Rare statue brings attention to TDA's Visitor Center

By Kyle Perrotti | Jan 10, 2017
Photo by: Kyle Perrotti Jim Blyth and Lynn Collins standing with the majestic elk statue.

Those who have driven through Maggie Valley since the Tourism Development Authority opened its doors at its new location may have noticed the immaculate statue of an elk bugling. But what they may not know is the elk’s long journey there.

The bronze statue, which boasts incredible detail for its size, was first purchased by Jim Blyth as part of a pair. The identical statues, originally cast in London, were purchased by Blyth, a Maggie Valley resident, in 2003. While one is at his house, the other sat in front of his business — the appropriately named Elk Country Realty — until about 2011.

However, from then until early 2016, it didn’t have a proper home. But when Blyth heard the TDA had decided to move to Maggie Valley, he knew he’d found a new home for it, and he said he plans on keeping it there until the TDA’s lease on the building runs out.

“We thought we’d lend them the artwork and it’d be appreciated,” he said. “And I think it has been.”

TDA Executive Director Lynn Collins, who worked with Blyth to get the statue in front of the building, has been thrilled with the attention the statue has drawn from visitors, noting that they are always looking for fresh reasons to bring people in.

“Elk are a major tourist attraction, so it worked out well,” she said. “It provides good photo opportunities for people passing through the area.”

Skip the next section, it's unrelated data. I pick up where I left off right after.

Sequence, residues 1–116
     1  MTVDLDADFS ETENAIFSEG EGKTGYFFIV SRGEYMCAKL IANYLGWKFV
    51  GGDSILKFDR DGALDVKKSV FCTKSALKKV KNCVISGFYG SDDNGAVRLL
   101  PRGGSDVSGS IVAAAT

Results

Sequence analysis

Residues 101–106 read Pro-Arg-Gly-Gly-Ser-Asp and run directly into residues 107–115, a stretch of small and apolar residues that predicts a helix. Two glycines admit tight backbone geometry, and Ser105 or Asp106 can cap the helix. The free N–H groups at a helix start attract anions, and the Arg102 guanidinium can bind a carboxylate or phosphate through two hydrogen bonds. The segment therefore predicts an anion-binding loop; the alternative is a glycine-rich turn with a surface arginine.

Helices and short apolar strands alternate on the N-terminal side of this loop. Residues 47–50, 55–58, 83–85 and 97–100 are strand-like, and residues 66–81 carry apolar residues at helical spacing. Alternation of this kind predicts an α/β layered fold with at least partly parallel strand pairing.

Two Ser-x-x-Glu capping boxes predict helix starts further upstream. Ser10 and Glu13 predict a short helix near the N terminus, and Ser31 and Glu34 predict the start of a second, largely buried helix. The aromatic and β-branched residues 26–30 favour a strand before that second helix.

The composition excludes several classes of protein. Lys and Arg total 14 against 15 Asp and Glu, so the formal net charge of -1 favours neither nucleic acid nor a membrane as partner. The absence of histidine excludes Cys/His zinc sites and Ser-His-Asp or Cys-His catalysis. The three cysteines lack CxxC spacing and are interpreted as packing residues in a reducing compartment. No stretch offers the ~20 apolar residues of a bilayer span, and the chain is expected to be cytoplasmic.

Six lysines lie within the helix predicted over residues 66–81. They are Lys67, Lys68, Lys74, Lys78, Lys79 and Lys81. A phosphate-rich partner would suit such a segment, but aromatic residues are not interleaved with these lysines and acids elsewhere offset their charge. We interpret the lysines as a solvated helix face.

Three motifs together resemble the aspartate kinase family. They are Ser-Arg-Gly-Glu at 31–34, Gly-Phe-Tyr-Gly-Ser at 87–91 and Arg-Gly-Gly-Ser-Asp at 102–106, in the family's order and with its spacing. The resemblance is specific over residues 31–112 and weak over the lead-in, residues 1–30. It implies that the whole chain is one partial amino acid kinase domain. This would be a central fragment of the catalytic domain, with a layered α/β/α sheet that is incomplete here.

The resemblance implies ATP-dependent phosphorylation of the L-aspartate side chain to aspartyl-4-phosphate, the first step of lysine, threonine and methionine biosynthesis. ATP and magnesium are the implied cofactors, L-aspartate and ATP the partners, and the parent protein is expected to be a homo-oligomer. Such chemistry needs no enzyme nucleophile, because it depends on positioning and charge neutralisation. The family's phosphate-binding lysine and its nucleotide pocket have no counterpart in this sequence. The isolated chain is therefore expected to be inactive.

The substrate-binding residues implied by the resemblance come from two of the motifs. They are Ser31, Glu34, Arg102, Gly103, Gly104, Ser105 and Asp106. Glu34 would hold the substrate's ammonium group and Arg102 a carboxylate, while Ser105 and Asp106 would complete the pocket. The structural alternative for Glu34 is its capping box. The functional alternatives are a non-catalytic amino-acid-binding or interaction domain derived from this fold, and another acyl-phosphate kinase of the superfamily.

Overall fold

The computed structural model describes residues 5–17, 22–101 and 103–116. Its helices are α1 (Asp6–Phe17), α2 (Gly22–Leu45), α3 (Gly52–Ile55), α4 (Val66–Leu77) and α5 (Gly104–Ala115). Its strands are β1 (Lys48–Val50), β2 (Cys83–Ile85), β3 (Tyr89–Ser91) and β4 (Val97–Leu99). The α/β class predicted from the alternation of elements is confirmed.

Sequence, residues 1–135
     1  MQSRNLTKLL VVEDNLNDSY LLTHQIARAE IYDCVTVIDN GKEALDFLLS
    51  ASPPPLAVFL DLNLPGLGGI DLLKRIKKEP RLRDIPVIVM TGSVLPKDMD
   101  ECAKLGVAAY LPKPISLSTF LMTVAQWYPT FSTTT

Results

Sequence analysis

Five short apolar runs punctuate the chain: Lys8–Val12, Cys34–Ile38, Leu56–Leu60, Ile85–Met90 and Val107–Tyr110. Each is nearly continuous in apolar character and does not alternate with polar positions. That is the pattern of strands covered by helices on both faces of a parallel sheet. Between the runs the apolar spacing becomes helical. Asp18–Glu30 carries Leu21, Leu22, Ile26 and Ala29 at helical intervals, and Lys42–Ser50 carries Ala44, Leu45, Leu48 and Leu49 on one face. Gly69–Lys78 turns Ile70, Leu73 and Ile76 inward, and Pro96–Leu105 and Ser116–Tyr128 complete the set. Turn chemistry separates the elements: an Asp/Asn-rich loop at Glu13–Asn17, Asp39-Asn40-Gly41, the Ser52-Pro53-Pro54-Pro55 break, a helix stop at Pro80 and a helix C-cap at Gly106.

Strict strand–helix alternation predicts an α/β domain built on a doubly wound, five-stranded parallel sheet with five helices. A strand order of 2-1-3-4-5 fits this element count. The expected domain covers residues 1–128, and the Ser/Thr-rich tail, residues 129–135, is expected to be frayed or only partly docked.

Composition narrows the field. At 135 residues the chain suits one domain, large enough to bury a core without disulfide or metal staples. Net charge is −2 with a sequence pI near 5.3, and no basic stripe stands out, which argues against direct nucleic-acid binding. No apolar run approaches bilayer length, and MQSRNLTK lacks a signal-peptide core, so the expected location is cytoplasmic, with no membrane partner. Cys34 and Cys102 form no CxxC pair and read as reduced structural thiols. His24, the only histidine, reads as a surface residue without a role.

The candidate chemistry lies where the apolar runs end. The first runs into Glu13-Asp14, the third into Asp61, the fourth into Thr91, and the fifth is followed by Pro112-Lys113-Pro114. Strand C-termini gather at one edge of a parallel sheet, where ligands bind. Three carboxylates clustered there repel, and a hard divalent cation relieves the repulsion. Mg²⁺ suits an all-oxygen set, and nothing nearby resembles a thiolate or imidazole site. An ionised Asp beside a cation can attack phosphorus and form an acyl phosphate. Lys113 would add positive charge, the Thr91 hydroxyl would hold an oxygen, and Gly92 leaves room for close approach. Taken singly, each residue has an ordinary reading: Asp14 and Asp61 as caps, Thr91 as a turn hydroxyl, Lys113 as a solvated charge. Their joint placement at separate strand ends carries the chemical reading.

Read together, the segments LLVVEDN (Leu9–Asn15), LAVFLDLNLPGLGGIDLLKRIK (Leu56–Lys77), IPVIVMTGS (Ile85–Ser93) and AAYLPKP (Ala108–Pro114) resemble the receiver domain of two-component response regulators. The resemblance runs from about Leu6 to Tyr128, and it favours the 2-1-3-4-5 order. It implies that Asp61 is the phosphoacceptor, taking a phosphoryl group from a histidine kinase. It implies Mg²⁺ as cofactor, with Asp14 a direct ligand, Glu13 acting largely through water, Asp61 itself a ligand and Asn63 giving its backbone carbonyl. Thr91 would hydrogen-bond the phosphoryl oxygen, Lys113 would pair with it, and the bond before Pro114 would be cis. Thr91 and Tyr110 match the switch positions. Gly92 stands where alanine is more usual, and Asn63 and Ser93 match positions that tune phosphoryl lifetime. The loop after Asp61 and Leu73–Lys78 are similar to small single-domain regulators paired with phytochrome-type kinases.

The statue is especially timely considering the foothold the elk herds have gained after initially being reintroduced in 2001. Since then, despite not yet being a self-sustaining population, numbers have increased from the original 52 to more than 150.

“A lot of times our visitors are able to see elk right here in the valley,” Collins said. “It’s a traffic stopper.”

And the increased prevalence of the animal has even brought people out with the sole purpose of seeing elk.

“A lot of people come in here and say, ‘I’m here to see some elk. Where can I see them?’” Collins said.

Playing up the presence of elk in the area has been a major selling point for the TDA. Collins noted that they sell plush elk stuffed animals, as well as a few elk books, at the Visitor Center.

But the focus on elk isn’t just all about notoriety or dollars and cents. Both Collins and Blyth want to raise awareness — for both tourists and locals — about how to deal with the fragile elk population.

“We are also concerned with education and making sure the public knows what to do when they’re near one,” Collins said.

As for the statue, Collins — who serves on the Maggie Valley Elk Taskforce alongside Blyth — noted it is beginning to develop a personality of its own. In fact, the TDA is soon going to hold a contest to name the elk. She said part of playing to its image will be bolstering its social media presence.

“He may even show up as a guest blogger,” she said.

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